NPR : News

Filed Under:

'We Do Not Tolerate Abuse,' Syracuse Chancellor Says As She Fires Coach

The news from Syracuse University concerning child molestation allegations against assistant basketball coach Bernie Fine — which he denies — took several dramatic turns Sunday.

ESPN, on its Outside the Lines program, "reported that Fine's wife, Laurie, admitted in a tape-recorded 2002 telephone conversation that she had worries that her husband had sexually molested team ball boy Bobby Davis in their home, but said she felt powerless to stop the alleged abuse." Davis, now 39, and an older stepbrother have alleged that Fine molested them when they were ball boys with the team in the 1980s.

A third man came forward to claim that Fine had sexually abused him as a boy. As The Associated Press writes, "Zach Tomaselli, 23, of Lewiston, Maine, said Sunday that he told police that Fine molested him in 2002 in a Pittsburgh hotel room. The third accuser to come forward, Tomaselli said Fine touched him "multiple" times in that one incident." Tomaselli's father, however, told the AP he is certain his son never had any contact with Fine.

Then, last evening, Syracuse Chancellor Nancy Cantor announced that Fine was being fired after more than 35 seasons with the school (he had been on administrative leave since the story broke on Nov. 17). "Frankly, the events of the past week have shaken us all," she said in a statement posted on the school's website. "All of us have the responsibility, individually and collectively, to ensure that Syracuse University remains a safe place for every campus community member and everyone with whom we interact on a daily basis on campus or in the community as part of our learning, scholarship, or work. We do not tolerate abuse. If anything good comes out of this tragedy, it will be that this basic principle is reinforced."

Finally, Syracuse head coach Jim Boeheim expressed regret, the AP says, for his initial expressions of support for Fine that might have been "insensitive to victims of abuse."

From Syracuse, The Post-Standard says that "attorneys for Fine, 65, denied in a statement Sunday afternoon that Fine sexually abused anyone. 'Mr. Fine remains hopeful of a credible and expeditious review of the relevant issues by law enforcement authorities,' it said."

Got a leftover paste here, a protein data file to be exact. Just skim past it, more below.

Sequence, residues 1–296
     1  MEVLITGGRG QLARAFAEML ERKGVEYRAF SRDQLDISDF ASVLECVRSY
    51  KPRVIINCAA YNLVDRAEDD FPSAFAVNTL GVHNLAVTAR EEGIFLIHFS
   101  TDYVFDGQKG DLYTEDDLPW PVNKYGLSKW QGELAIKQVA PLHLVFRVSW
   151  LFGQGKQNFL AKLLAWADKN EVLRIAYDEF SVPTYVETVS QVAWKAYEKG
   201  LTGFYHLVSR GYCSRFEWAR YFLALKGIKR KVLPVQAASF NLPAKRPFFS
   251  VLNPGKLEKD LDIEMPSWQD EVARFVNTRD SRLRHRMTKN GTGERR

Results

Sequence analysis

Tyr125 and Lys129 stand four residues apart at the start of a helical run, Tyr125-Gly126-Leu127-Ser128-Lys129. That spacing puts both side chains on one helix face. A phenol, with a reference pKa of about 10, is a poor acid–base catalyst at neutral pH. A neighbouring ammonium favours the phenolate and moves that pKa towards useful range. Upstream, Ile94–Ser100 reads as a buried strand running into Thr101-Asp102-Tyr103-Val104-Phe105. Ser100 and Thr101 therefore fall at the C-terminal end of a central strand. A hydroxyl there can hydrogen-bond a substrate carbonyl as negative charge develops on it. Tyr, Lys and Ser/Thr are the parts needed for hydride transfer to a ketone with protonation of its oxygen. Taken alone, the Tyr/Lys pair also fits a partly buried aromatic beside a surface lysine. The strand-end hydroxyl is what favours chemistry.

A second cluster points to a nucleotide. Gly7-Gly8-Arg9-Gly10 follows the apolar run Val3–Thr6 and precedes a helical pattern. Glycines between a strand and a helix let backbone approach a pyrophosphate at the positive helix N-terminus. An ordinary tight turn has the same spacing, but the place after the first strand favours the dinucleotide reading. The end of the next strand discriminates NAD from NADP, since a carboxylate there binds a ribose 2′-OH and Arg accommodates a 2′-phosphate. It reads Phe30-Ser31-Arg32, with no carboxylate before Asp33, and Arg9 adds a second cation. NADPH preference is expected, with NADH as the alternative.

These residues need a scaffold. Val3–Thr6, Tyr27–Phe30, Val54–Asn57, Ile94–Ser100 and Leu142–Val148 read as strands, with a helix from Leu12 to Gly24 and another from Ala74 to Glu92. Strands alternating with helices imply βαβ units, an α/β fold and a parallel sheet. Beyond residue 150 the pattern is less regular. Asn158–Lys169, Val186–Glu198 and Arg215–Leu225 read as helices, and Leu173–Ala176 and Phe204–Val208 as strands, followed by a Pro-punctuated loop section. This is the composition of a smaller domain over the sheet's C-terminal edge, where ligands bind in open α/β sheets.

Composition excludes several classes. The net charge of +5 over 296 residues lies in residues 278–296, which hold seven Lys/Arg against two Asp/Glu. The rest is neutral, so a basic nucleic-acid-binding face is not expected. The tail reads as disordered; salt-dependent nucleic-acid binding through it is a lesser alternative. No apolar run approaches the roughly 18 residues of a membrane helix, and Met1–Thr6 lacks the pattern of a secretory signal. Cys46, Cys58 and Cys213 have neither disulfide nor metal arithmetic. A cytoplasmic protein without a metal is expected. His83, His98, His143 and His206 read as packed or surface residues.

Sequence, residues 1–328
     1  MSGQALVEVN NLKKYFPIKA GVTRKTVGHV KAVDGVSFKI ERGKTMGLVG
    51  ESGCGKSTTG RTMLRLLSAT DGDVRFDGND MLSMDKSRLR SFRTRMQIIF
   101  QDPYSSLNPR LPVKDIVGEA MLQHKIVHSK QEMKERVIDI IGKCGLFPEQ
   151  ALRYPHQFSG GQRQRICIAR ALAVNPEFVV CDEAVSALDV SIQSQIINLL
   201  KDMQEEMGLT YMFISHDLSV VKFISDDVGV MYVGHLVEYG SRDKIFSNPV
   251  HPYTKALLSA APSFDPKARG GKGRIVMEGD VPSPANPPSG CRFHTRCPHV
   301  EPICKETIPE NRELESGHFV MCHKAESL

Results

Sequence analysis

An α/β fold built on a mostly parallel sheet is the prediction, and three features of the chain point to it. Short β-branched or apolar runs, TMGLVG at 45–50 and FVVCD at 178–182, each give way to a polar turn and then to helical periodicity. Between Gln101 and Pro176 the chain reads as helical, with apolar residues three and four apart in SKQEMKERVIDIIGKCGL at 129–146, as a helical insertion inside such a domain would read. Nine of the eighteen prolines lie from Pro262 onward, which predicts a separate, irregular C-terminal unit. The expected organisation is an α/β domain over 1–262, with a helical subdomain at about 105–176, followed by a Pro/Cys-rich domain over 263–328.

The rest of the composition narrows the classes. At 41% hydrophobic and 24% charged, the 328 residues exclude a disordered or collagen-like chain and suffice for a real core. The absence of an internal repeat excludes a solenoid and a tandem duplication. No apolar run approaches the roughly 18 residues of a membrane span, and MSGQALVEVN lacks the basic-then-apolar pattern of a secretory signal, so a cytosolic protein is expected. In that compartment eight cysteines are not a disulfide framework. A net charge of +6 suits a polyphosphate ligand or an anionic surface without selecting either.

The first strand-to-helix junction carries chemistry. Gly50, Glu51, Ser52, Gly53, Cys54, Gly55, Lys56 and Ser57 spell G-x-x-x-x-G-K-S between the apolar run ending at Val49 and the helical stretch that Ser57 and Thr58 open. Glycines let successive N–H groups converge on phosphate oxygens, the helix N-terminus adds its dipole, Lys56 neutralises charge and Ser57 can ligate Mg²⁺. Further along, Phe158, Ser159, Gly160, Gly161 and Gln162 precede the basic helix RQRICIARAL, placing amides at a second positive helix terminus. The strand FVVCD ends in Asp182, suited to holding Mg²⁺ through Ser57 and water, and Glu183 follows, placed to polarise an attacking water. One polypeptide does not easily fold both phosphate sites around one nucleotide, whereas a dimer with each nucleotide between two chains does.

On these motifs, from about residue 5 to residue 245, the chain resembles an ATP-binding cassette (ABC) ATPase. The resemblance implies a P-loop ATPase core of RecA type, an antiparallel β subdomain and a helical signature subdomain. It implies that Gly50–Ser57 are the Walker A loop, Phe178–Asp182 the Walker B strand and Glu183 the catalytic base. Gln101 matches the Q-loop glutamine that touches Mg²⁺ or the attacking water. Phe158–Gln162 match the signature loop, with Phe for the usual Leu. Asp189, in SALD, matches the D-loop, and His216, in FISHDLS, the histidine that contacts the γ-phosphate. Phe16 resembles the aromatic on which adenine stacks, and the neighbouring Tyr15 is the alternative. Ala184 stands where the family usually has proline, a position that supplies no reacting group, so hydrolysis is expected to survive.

The allegations about Fine follow, of course, the scandal at Penn State University — where former assistant football coach Jerry Sandusky is accused of sexually abusing at least eight young boys for more than a decade. Sandusky says he's innocent. Head coach Joe Paterno and Penn State President Graham Spanier both lost their jobs after coming under criticism for allegedly not alerting authorities to reports about what Sandusky was accused of doing.

Copyright 2011 National Public Radio. To see more, visit http://www.npr.org/.

NPR

Book Review: 'In Praise Of Hatred'

Alan Cheuse reviews the novel In Praise of Hatred, by Khaled Khalifa. The book, which was recently translated to English, features a young Muslim girl in 1980s Syria.
NPR

Fast-Food CEOs Earn Supersize Salaries; Workers Earn Small Potatoes

A new report finds that the average compensation of fast-food CEOs has quadrupled since 2000. By comparison, worker wages have increased less than 1 percent.
NPR

Green GOP Group Caught Between 'Rock And A Hard Place'

On Earth Day 2014, it wasn't easy being an environmental organization in the Republican Party. The big donors who write checks aren't much interested in the environment.
NPR

Online Sales Taxes Shift Consumer Behavior, Study Shows

Some states have enacted so-called Amazon taxes, forcing the giant online retailer to collect sales taxes the same way traditional stores do. In those states, Amazon's sales fell about 10 percent.

Leave a Comment

Help keep the conversation civil. Please refer to our Terms of Use and Code of Conduct before posting your comments.